Intimacy in the Aisles: How to Distinguish the Customer Experience


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How to Distinguish the Customer Experience

It is a fact taken for granted that, in most cases, today’s great customer experience actually began months ago, with a few key insights.

For many of us, the customer experience is distilled in a single moment ¬– when the consumer is in your store, interacting with your sales associates, surfing your Web site, or whenever else you come into direct contact. But this final act is, as we all know, the culmination of hours of hours of work – understanding our customers and what they value, delivering products and services that appeal to them, training our staff to deliver in a way that resonates, and so on.

But none of this can come to pass – not in way that is effective – without a keen focus on customer information. Data is the raw material of today’s marketing industry, and there is no shortage. But there are shortcomings, particularly in how some merchants use the insights they have.

Data has the power to differentiate the customer experience – when in the right hands. It is not merely a matter of collecting purchase information and then relying on that to guess what the shopper will buy next. Data collection is a responsibility. The way in which a company collects and handles it, how it shares it with other departments within the organization and how it uses it to inspire employees all determine how effective that data will be in building relevant customer experiences and, eventually, customer intimacy.

I suggest four steps, which I will define later: Embrace enterprise loyalty, empower your employees, make your message relevant, and respect the data.

But first we must recognize the challenge, which is in execution. The growth of digital channels, social media, mobile marketing, automated check-in, and countless other human and mechanized customer touch points results in organizations with many disparate moving parts. And the data has got to flow seamlessly throughout.

Yet what we think we deliver is often not what the customer gets. Take the result of a 2011 survey by Forrester Research in which 90% of executives said customer experience was very important for their companies, and 80% said they were trying to use it as a source of differentiation. Yet only half of the 118 professionals surveyed said they had a company-wide program to improve the customer experience across marketing channels, and only 30% had dedicated a budget to fund these efforts.

The point is that winning customer intimacy through enriching experiences is not a push-button-and-go exercise. It often takes every member of your organization to speak in one voice to deliver the same dedicated, elevated experience. And if you are a company with many channels, brands and divisions, that challenge is compounded.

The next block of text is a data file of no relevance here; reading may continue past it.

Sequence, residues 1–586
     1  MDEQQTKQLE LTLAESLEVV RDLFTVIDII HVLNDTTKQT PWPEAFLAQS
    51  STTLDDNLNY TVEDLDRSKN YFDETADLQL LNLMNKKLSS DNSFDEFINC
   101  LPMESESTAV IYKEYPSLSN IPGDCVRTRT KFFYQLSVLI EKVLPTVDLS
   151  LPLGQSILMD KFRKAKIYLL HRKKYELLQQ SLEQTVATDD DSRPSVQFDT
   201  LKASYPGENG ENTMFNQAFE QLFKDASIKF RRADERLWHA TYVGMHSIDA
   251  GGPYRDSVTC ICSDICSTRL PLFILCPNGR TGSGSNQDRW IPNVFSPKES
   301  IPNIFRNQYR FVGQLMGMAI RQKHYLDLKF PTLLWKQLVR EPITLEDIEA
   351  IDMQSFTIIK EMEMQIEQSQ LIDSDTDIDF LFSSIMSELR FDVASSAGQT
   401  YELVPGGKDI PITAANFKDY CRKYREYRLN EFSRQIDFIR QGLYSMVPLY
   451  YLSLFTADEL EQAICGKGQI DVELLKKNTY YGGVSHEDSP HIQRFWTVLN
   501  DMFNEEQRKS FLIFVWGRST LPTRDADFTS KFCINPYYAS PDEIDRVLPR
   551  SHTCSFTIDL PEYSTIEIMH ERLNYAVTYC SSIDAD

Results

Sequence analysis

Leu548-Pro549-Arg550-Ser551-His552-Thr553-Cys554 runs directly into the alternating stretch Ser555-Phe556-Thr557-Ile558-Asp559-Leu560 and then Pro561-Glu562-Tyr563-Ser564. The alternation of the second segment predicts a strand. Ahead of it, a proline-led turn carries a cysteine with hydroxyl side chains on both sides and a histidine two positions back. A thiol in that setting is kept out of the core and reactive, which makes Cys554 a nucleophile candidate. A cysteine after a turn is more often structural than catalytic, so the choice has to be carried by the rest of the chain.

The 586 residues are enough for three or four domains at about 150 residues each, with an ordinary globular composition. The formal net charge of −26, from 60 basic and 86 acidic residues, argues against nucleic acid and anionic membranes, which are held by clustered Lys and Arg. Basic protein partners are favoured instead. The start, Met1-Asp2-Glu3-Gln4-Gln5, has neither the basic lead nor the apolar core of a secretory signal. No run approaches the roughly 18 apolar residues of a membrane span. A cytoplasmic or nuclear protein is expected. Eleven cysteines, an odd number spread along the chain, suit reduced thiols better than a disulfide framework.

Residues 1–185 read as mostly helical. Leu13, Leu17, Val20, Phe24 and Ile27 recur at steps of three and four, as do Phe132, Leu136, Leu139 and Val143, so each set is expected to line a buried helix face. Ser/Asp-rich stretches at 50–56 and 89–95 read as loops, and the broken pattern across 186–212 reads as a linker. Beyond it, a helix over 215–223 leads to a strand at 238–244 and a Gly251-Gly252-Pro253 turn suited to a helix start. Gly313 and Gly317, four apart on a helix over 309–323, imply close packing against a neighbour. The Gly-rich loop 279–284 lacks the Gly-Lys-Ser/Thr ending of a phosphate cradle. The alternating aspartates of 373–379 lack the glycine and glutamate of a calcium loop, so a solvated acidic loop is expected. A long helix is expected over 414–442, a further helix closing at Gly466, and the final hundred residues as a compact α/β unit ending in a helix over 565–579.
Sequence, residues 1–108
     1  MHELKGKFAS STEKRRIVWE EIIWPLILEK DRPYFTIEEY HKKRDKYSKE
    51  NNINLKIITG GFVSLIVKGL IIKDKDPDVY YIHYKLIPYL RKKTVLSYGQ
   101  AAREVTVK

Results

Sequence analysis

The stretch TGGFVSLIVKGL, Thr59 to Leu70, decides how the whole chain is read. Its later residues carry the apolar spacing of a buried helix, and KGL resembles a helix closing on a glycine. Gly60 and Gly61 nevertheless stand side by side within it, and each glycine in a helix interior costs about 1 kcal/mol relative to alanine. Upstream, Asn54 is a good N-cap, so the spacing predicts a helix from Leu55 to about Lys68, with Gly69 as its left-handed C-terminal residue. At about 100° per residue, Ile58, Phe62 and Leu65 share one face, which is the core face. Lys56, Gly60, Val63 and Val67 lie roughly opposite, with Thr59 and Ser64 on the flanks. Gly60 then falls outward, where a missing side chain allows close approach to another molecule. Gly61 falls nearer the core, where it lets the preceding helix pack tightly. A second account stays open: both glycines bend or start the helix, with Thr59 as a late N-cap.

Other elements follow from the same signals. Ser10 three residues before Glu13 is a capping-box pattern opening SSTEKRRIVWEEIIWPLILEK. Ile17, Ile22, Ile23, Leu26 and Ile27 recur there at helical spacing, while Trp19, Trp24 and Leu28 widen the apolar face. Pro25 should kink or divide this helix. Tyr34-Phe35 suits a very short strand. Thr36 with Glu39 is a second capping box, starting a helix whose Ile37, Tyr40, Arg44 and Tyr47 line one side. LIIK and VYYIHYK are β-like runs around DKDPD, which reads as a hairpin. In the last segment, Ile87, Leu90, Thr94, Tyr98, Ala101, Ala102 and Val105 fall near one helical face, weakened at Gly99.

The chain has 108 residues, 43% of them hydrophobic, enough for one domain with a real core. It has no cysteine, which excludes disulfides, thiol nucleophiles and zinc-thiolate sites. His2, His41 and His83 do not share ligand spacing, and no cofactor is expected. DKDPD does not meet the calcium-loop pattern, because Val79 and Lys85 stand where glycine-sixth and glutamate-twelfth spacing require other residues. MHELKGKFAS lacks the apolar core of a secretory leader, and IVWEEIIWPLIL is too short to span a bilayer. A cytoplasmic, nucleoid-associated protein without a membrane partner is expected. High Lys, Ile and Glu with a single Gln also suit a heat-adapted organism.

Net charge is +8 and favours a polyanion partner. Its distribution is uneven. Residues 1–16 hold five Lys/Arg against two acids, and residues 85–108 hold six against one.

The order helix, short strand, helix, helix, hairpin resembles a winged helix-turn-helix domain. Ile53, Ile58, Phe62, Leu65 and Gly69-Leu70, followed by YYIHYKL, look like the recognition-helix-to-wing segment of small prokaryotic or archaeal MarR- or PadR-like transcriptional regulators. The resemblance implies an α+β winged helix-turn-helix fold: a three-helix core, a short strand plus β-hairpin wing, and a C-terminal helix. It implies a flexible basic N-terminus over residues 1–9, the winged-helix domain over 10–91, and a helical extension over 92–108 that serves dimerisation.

Four Rungs to the Brass Ring of Experience

So how do we get there? As I said, it’s not a simple, add-water formula. Achieving relevant customer experiences through data is a process, and the following four steps will ensure you are on the right path.

* Embrace Enterprise Loyalty It’s sort of a given that marketers own customer data – we collect it, after all. But there is no reason to hoard it. Share the data with your store planning, product development and merchandising departments. By overlaying purchasing patterns, you can learn not merely what brands your customer prefers, but also what significant lifestyle changes she has made, how she navigates the store and what kinds of communications and price points she responds to. This information can inspire decisions regarding store layout, range and assortment and, yes, promotions.

* Empower Your Employees Your data provides basic guidelines to why consumers love your brand and why they do business with you. Give that information to your workers, encourage them to learn more by asking pertinent questions, and watch them go. Make heroes of those who apply sound judgment and think with their hearts on behalf of your brand.

* Make Your Message Relevant Again, the data will reveal your customers’ needs, aspirations and preferences. Speak to these characteristics and your message will resonate. The moment of truth occurs when the customer, who is time starved, media inundated, overwhelmed with choice and generally distracted, sees relevance in your messages and gives you her complete attention.

* Respect the Data The point of data gathering is to improve the customer experience, and achieving that requires earning the customer’s loyalty and trust. If you really want to build a sustained relationship, you must be transparent about what information you are collecting, why you are collecting it, what your intentions are for its use and the benefit to the consumer. Then you must deliver on your word and create something of value to the consumer.

Yes, these principles can take time to master, but the dividends will pay off in the long term, and at increasing rates. The kinds of customer experiences that lead to customer intimacy are hard won, and the information we gather today will define the experiences of tomorrow.

Republished with author's permission from original post.

Bryan Pearson
Retail and Loyalty-Marketing Executive, Best-Selling Author
With more than two decades experience developing meaningful customer relationships for some of the world’s leading companies, Bryan Pearson is an internationally recognized expert, author and speaker on customer loyalty and marketing. As former President and CEO of LoyaltyOne, a pioneer in loyalty strategies and measured marketing, he leverages the knowledge of 120 million customer relationships over 20 years to create relevant communications and enhanced shopper experiences. Bryan is author of the bestselling book The Loyalty Leap: Turning Customer Information into Customer Intimacy


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